Police Strike Force Raids Bowling Center--to Raise Money


April 04, 1991|By Donald G. Vitek

Thirty-four teams of police personnel took to the lanes at Bowl America Odenton Monday to chase down tenpins rather than criminals in thesecond annual Anne Arundel Police F.O.P. Lodge 70 Bowling Tournament.

The Port Authority Police Department captured first place in thetenpin tourney with a 3,089 pinfall.

Second place went to the I Dare You team with a total of 2,988. The third-place team was the Gutter Tramps of the Maryland State Police, just 12 pins out of second with a total of 2,976.

The Howard County Police Department fired a 2,966 series for fourth place, and thefifth-place team was the Montgomery County Police Department with a 2,941.

Mike Martin shot the high individual game of 253, and Dale Budnick of the Port Authority Police had high series with 649. VickieWell of the Maryland State Police took the women's high game with a really great 235 game.

Bill Daywalt of the Anne Arundel County police said, "It was a great event. We were able to raise over $1,000 for the Anne Arundel County DARE program."

The Drug Abuse ResistanceEducation program goes directly into the schools to educate youngsters about the dangers of drugs. It's effective, and the annual police tournament is a great way to raise money for the program.


Does it pay to be superstitious? Ask Kim Horn.

Horn will tell you that he's not superstitious. It's just that he likes that old orange duckpin bowling bag and that the shoes are not really falling apart, they're just comfortable, and he likes the old rubber bowling balls he'sused for more years than he cares to remember.

True, some of his teammates have been to heard mumble things like, "When he turns his back at the end of the league somebody grab 'em and throw 'em in the Severn on the way home." But they don't mean it.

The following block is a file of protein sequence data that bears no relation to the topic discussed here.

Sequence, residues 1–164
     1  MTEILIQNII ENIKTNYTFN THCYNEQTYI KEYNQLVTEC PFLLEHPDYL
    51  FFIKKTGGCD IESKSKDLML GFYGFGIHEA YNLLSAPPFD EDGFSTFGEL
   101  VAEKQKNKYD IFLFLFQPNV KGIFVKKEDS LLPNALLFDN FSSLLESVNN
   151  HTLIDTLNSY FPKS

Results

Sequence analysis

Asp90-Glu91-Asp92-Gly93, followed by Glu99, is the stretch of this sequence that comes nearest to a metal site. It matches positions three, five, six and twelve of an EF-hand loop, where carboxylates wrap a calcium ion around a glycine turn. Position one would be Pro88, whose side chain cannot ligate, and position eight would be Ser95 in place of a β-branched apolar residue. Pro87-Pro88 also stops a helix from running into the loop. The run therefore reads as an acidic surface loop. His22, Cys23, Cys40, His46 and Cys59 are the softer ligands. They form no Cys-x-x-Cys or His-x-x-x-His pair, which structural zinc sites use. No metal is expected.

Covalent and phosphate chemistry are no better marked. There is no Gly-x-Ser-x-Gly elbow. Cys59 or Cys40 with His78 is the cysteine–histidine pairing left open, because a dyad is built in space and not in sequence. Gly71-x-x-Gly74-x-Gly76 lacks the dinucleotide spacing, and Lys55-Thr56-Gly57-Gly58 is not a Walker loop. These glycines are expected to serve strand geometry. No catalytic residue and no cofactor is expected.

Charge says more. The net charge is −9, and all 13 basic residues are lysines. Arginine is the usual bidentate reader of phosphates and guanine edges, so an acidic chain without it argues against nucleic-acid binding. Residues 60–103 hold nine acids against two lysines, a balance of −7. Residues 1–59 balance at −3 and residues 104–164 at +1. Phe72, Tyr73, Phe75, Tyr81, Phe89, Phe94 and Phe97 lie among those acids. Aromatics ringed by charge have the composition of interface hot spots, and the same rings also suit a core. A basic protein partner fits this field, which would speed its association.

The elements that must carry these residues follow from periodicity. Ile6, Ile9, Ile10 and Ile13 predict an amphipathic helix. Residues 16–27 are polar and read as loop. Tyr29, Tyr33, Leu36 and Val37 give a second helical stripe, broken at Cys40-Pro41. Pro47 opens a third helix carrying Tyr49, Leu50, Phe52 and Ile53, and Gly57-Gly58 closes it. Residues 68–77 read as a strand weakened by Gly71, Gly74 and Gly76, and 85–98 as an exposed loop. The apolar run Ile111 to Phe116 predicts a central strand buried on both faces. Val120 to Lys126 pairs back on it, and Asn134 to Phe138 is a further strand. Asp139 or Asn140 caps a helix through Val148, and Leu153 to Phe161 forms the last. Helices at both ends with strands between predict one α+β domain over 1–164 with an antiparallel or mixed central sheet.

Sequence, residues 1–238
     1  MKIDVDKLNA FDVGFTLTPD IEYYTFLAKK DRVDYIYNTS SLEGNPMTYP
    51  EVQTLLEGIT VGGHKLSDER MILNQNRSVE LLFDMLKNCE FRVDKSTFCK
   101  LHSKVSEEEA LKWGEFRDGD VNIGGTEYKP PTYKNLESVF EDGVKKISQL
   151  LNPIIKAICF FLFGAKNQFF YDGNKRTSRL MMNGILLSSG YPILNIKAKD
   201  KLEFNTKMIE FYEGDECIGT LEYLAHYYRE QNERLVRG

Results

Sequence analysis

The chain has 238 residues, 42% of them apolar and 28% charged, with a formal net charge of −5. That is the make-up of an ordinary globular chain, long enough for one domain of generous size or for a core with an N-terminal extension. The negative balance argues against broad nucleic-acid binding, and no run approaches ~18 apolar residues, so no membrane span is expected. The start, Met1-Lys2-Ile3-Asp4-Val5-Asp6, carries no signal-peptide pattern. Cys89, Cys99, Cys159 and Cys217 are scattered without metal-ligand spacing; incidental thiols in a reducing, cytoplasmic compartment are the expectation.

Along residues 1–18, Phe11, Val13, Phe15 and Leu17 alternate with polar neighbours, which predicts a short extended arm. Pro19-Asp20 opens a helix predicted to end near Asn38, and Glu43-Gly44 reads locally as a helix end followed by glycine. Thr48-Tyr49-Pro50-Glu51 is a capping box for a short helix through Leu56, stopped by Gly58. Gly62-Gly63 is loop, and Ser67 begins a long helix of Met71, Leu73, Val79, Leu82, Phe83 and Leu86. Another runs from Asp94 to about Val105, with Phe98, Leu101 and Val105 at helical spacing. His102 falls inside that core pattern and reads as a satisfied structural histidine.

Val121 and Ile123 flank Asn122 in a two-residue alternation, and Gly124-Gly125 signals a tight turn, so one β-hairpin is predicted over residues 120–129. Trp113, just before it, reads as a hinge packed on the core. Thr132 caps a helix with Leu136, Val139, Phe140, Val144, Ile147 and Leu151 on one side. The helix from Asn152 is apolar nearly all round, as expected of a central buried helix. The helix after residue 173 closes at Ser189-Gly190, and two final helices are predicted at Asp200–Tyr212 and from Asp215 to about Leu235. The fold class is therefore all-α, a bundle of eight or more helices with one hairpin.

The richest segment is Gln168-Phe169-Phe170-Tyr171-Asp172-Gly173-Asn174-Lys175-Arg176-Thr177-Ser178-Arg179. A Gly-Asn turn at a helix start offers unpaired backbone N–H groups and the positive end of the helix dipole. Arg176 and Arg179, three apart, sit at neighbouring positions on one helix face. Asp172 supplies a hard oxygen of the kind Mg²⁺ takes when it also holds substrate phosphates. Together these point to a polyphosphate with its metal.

Horn, a maintenance planner for BG & E, has been bowling since he was 6. His parents, Wanda and Norbert, started him young because they both loved to bowl.

For health reasons they have had to curtail their bowling activities, but Wanda still stays close to the game. You'll find her behind the control counter at Fair Lane Southwest on Sunday and Tuesday nights.

Kim Horn bowls in the Tuesday House Majors at Greenway Bowl Glen Burnie and the Triples at Southwest.

"I just like to bowl," Hornsaid. "You have to love the game to bowl as long as I have."

Since his mother carried a 112 average and his father a 114 aver

age, they're pretty proud of Kim's 135 average. His high game is a 213 andhis high set 511.

That 213 game was thrown in December 1990. Was it a fluke? Well, he had three weeks in a row when he threw games of 193, 196 and 190 so I guess you can say it wasn't all luck. Maybe a little superstition.


Steve Evan of Millersville had a fantastic 605 scratch set in the Fair Lanes PBA Open Pro-Am tournament at Fair Lanes Kings Point, Randallstown. That beat 61 of the 73 bowlers whocashed.

Of the remaining 589 amateur bowlers, Evan beat all 589 with handicap, and he beat first-place amateur scratch and handicap. However, none of the three pros who bowled with him threw a game over 200.

And what did Evan receive for his outstanding bowling? Nothing, zip, zilch. Wait until next year.

"I'm not really complaining,"he said. "I had a lot of fun. I really enjoyed it very much. After all, I beat the president of the PBA and two other professionals

head-to-head scratch. That makes me feel great. You can bet I'll be back next year."

But it would have been nice to cash, wouldn't it?


Jason Stanton had better luck in the Coca-Cola NJBC finals at Crofton Bowling Centre.

He threw games of 140, 202, 203, 224 and 237 for a set of 1,006 to take first place in the scratch division.

Jason, 13, is in the eighth grade at Chesapeake Middle School and carries a 175 average with a 265 career high game and a three-game series of 658.

He bowls in the Saturday youth league at Fair Lanes Southdale and comes from a bowling family.

His father, Kenny, is in leagues at both Southdale and Bowl America Glen Burnie, and his mother, Kathy, bowls at Bowl America Glen Burnie. I don't which one showed Jason how to throw his 16-pound Hammer bowling ball, but they did a great job.

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